The MX-5 is pricier than two other small sports cars, the mechanically similar Toyota 86 ($29,990) and the Subaru BRZ ($27,995). Those two differ with their fixed roof, rear seats and a notably firmer ride, but the experience is similarly driver-focused. Both are more powerful than the Mazda MX-5, boasting 205 hp from a Subaru-engineered drivetrain. However, we think the MX-5 has always felt quicker, even before this year’s infusion of power.

The Mazda MX-5 RF starts at $39,900, but our GT-trimmed test car carried an MSRP of $42,900. To the base RF, the GT adds gunmetal wheels, satellite radio, automatic climate control, an auto-dimming rearview mirror and leather seating.

At that price, the MX-5 nearly reaches into luxury car territory. The Audi A3 Cabriolet starts at $44,400, and the BMW 2 Series convertible has a $48,000 base price. Both are more powerful than the MX-5, come standard with AWD and have rear seats.


We like the Mazda MX-5 RF’s look and its added refinement. However, the MX-5’s real appeal is the way it drives and the soft top model’s straightforward convertible experience. We’re happy to do a little more work to enjoy open-air driving at the soft-top MX-5’s more affordable price.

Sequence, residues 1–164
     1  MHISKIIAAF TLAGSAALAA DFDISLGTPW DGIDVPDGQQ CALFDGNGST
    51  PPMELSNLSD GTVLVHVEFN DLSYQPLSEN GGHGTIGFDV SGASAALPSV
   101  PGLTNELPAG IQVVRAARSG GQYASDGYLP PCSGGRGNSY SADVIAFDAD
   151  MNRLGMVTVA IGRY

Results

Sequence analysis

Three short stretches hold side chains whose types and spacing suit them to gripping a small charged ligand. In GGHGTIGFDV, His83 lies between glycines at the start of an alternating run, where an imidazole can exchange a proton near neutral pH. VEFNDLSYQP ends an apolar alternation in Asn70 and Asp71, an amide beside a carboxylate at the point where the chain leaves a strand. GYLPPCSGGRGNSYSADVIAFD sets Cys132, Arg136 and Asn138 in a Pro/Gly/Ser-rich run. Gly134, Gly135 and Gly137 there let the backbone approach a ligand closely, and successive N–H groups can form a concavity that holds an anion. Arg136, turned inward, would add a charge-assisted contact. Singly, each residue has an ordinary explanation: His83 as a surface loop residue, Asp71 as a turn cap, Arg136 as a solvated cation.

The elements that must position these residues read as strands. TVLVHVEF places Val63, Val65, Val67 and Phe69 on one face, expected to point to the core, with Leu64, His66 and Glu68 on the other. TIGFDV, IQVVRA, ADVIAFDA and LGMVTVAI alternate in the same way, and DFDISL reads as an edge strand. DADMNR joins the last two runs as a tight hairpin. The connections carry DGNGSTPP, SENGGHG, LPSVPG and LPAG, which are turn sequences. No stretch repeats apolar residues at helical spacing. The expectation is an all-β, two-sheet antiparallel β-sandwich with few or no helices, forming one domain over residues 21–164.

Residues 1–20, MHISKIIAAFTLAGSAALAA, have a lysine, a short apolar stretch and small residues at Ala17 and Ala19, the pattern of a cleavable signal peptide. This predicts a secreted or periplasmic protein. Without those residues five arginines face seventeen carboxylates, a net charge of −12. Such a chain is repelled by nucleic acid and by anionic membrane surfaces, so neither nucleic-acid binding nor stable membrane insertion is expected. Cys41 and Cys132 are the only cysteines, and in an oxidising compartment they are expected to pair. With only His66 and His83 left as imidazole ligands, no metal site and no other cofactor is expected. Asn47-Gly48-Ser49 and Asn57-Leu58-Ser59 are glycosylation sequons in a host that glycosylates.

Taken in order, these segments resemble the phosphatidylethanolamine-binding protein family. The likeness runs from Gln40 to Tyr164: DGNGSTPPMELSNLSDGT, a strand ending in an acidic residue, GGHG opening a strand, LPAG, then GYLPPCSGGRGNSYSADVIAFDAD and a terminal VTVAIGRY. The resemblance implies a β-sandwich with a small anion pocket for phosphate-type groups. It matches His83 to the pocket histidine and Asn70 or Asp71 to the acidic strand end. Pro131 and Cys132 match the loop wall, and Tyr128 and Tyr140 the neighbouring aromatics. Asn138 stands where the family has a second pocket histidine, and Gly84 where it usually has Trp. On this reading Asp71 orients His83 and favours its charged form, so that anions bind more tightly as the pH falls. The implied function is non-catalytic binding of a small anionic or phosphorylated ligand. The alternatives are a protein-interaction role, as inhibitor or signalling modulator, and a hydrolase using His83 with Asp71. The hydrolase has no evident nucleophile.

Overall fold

2019 Mazda MX 5 RF front view
2019 Mazda MX-5 RF front view

2019 Mazda MX-5 RF

  • Vehicle category: Roadster/convertible
  • Engine: 2.0L four-cylinder, turbocharged; 181 hp, 151 lb-ft torque
  • Transmission: 6-speed manual
  • Notable standard features (base model; MSRP: $39,900): 17-inch wheels, sport suspension, limited slip differential, power retractable hard top, LED headlights/taillights/daytime running lights, automatic high beams, Mazda Connect infotainment system, nine-speaker stereo, navigation, air conditioning, heated cloth seating, blind spot monitoring, rear cross-traffic alert, city-speed collision detection and automatic braking, lane departure warning.
  • Notable options (GT trim, as tested; MSRP: $42,900): Auto-dimming rearview and driver’s side mirrors, automatic climate control, leather upholstery, traffic sign recognition.
  • Fuel economy, ratings (l/100km, city/highway): 9.0/7.0